A certain kind of application of social science and social science methods continues to be a really basic limit to our shared ability in modern societies to grapple with and potentially resolve serious problems. For more than a century, a certain conception of policy, government and the public sphere has been determined to banish the need for interpretation, for difficult arguments about values, for attention to questions of meaning, in understanding and addressing anything imagined as a “social problem”. This banishment is performed in order to move a social scientistic mode of thinking into place, to use methods and tools that allow singular causes or variables to be given weight in relation to a named social problem and then to be solved in order of their casual magnitude.
Certainly sometimes that analysis is multivariable. It may even occasionally draw upon systems thinking and resist isolating individual variables as something to resolve individually. But what is left outside the circle always are questions of meaning that require interpretation, that require philosophical or value-driven understanding, that can’t be weighted or measured with precision. Which is why in some sense technocratic governance, whether in liberal societies or more authoritarian ones, feels so emotionally hollow, so unpersuasive to many people, so clumsy. It knocks down the variables as they are identified, often causing new problems that were not predicted or anticipated. But it doesn’t understand in any deeper way what it is trying to grapple with.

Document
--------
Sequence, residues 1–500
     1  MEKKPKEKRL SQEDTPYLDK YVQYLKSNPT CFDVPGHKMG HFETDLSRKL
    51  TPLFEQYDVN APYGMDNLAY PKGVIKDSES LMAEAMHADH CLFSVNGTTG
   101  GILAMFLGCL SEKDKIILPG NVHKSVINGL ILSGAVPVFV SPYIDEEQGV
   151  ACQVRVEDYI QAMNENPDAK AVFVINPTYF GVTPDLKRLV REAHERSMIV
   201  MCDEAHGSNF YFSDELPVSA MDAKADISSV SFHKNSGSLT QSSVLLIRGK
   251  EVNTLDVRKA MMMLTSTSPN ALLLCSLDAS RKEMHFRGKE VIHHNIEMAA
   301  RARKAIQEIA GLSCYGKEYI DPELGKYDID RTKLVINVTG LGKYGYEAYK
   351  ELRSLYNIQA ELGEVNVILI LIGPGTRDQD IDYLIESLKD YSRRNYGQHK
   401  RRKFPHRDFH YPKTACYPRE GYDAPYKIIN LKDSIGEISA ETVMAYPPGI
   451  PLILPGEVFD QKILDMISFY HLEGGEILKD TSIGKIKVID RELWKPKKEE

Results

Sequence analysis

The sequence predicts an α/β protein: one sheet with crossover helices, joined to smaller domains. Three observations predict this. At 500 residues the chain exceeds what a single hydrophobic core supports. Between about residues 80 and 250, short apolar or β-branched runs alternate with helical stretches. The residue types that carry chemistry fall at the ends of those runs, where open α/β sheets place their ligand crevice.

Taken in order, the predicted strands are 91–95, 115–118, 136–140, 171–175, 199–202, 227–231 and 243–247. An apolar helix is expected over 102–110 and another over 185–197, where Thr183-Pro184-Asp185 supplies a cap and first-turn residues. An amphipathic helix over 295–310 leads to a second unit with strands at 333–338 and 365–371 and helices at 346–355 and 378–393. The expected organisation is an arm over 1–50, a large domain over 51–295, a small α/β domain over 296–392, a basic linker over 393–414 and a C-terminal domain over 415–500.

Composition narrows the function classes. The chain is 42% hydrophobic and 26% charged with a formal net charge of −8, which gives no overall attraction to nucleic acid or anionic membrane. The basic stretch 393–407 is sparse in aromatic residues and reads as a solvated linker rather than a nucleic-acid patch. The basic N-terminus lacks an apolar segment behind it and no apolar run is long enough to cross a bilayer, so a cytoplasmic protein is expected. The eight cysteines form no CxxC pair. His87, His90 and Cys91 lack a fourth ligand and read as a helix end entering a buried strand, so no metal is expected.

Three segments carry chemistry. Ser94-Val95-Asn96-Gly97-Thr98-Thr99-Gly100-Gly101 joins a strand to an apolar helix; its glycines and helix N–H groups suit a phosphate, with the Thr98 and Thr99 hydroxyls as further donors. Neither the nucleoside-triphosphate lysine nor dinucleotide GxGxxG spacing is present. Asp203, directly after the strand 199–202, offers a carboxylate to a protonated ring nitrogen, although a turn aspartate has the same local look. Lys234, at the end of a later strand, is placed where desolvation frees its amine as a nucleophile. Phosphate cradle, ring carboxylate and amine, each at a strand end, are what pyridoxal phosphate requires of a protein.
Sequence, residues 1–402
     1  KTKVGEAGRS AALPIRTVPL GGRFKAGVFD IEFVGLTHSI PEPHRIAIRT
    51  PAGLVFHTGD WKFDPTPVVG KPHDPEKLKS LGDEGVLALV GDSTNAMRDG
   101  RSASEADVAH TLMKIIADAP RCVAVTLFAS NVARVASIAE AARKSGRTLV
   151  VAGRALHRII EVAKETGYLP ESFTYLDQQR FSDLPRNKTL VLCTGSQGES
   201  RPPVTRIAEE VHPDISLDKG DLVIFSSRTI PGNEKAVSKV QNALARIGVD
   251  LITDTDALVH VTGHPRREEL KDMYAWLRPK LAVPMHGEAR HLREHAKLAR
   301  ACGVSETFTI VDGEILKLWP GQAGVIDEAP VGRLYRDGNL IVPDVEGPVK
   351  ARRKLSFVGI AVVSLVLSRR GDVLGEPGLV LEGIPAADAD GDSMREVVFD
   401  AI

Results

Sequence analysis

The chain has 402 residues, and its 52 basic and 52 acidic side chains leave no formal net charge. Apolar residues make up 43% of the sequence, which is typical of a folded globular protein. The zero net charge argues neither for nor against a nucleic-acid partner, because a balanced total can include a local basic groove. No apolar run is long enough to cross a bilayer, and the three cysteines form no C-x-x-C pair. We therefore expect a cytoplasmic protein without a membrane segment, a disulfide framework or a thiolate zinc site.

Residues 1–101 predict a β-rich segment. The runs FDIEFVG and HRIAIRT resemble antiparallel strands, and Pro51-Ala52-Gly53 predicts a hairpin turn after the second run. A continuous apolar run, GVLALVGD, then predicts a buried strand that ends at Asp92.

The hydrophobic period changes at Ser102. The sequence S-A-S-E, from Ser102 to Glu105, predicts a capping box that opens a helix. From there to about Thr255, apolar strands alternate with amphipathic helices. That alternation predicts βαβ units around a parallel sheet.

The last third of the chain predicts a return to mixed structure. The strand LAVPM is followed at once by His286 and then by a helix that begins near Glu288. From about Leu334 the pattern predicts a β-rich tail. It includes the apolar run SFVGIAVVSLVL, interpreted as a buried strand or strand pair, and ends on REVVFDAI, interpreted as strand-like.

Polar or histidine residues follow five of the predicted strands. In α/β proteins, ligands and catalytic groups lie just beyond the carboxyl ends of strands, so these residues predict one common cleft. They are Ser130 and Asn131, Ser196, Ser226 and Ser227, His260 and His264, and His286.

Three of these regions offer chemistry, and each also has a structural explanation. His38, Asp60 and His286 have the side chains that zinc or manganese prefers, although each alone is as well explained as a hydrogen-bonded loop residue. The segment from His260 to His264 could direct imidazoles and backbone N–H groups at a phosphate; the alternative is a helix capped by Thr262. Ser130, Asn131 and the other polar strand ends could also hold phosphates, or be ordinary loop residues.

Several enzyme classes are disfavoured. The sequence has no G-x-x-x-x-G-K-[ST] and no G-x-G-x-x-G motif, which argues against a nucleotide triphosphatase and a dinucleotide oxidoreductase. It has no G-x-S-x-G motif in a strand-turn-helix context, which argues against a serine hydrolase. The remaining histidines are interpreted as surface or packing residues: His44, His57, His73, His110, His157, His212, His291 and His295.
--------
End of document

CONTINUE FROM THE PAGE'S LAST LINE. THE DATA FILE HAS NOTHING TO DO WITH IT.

I’ve suggested in the past that this is an unappreciated aspect of military suicides since 2001, that the actual content of American wars, the specific experiences of American soldiers, might be different than other wars, other experiences, and that difference in meaning, feeling, values might be a sufficient (and certainly necessary) explanation of suicide. But that conversation never floats up to the level of official engagement with the problem, and not merely because to engage it requires an official acknowledgement of moral problems, problems in meaning and values, with the unending wars that began in 2001. It’s because even if military and political leaders might have a willingness to consider it, they don’t have the tools. It’s not in the PowerPoints, in the graphs, in the charts. It’s in the hearts, the feelings, the things spoken and unspoken in the barracks and the bedrooms. It’s in the gap between the sermons and the town meetings on one hand and the memories of things done and said in the battlefield. No one has to say anything for that gap to yawn wide for a veteran or veteran’s family–it is there nevertheless.
Here’s another example: a report on “teen mental health deteriorating”. It’s a classic bit of social scientistic reason. Show the evidence that there is something happening. That’s fine! It’s useful and true. You cannot use interpretation or philosophy to determine that truth. But then, sort the explanations, weigh the variables, identify the most significant culprit. It’s the smartphones! It’s social media!
Even this is plausible enough and not without its uses. But the smartphone here is treated as causal in and of itself, with some hand-waving at social psychology and cognitive science. Something about screen time and sociality, about what we’re evolved to do and about what we do when our evolution drives us towards too much of something. What’s left out is the hermeneutics of social media, the meaning of what we say on it and in it. Because that’s too hard to understand, to package and graph, to proscribe and make policy about.